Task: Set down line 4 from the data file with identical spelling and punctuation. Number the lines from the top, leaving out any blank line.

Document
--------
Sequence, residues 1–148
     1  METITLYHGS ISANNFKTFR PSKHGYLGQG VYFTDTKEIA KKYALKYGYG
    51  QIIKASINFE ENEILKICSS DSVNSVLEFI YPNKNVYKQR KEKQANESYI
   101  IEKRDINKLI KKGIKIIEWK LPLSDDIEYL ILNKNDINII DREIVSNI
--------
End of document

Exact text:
   101  IEKRDINKLI KKGIKIIEWK LPLSDDIEYL ILNKNDINII DREIVSNI